Freshies

By: Brittany Walker Pettigrew

I had the honor of seeing a small portion of the Foster Youth Museum in April 2015 at the Fairness and Equity Symposium in Oakland, CA. The conference, sponsored by the California Social Work Education Center (CalSWEC), featured the Homeless exhibition that took guests through the foster youths’ experiences in systems of care and homelessness.

At the end of the exhibit, there was an opportunity to take a pair of new socks, dubbed “Freshies,” in a homemade wrapper to give to a homeless youth. I thought that this might be the coolest souvenir I have ever gotten from a museum! It’s almost embarrassing to think of how trite that is in retrospect…but by my office at 5th and Broadway in Oakland, there are a number of people “spangin'”– asking for spare change, as I learned in the exhibit–every day and on nearly every corner. And come to think of it, many of them look pretty young…I took three and within the next 36 hours, they all had new owners.I have always struggled with giving money to people asking for spare change. I have never been able to give without feeling entitled to tell people how they can spend it so I say “Sorry, not today” and that’s it. But when I was asked for spare change and I offered, “Would you like a fresh pair of socks?” the response caught me off guard. I suppose I expected a casual, if not flip, “Sure”, kinda like when someone gives you new underwear as a present at Christmas. Certainly, a useful gift that one wouldn’t turn down, but not exciting. What I heard was “REALLY?!”…”Oh my God, YES!”…I can only imagine that they didn’t think I actually had them on me. So when from the depths of my purse, I produced a pair of “freshies,” each and every one cupped them in their hands and held them to their heart. All of them used the word “amazing” in their expressions of gratitude. It was moving how much they appreciated them. I just had no idea.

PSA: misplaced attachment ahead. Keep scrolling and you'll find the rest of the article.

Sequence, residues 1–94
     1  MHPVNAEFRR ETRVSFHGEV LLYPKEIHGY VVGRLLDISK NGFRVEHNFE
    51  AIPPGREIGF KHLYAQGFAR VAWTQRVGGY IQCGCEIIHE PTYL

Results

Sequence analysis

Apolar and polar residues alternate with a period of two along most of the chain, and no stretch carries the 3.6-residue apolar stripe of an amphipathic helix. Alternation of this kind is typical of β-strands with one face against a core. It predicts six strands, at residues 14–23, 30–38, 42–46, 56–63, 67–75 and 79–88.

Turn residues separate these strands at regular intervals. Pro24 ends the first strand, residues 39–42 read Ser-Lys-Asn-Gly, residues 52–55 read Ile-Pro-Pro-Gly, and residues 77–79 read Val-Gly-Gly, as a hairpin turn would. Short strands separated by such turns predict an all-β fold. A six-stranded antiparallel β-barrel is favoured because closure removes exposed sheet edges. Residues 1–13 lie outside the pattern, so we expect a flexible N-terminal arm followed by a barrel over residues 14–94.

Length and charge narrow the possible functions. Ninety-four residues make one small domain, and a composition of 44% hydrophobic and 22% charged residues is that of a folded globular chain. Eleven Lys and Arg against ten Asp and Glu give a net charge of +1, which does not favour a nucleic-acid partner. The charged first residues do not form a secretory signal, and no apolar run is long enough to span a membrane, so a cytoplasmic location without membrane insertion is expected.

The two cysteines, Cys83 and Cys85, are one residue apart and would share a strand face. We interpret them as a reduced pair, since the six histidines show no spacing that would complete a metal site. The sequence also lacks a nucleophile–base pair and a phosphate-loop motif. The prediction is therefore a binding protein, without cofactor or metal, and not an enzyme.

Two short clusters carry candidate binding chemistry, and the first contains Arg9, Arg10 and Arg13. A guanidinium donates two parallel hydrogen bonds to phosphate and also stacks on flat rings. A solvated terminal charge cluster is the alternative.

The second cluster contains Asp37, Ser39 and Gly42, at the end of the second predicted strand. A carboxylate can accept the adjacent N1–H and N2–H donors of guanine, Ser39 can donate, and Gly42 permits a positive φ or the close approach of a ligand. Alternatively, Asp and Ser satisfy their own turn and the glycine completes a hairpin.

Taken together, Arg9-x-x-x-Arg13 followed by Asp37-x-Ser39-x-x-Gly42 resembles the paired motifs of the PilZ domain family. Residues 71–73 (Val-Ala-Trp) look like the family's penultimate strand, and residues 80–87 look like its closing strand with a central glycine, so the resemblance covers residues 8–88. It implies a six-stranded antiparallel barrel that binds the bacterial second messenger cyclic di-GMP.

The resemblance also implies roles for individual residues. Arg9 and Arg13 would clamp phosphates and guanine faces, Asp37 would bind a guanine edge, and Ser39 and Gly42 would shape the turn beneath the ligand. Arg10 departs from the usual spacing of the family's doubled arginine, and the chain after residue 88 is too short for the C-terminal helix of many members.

With each “freshie,” I just wanted people to know that someone who doesn’t know them cares about them all the same. And if each “freshie” sends that message, well that’s a donation I can most certainly give freely.

To support bringing Foster Youth Museum to more communities, we welcome your donation.

Foster Youth Museum Presents First Public Exhibit: Lost Childhoods

For Immediate Release

Media Contact: Annie Gardiner / annie@greenpenguincomm.com / 510.339.1363
Media Preview: Thursday, March 5, 5:00 PM

Foster Youth Museum Presents First Public Exhibit:  Lost Childhoods
March 6 – March 29, 2015
Exhibition Location: Warehouse 416, 416 26th Street, Oakland, CA
First Friday: Friday, March 6, 6:00-10:00 PM

Lost Childhoods ExhibitFebruary 19, 2015 – Oakland, CA – Foster Youth Museum presents a groundbreaking exhibit about youth experiences in foster care. Through photos, donated objects, video portraits, and foster youth art, Lost Childhoods tells the story of loss and powerlessness – and the human capacity for resilience and connection.

Visitors may be surprised by some of the artifacts that youth have chosen to save and share, from the hefty case reports that follow foster youth from placement to placement, to letters from incarcerated loved ones. In the words of contributor, Sophia Herman, “It’s so important for foster youth to have documentation of their experiences. Lost Childhoods validates our existence.”

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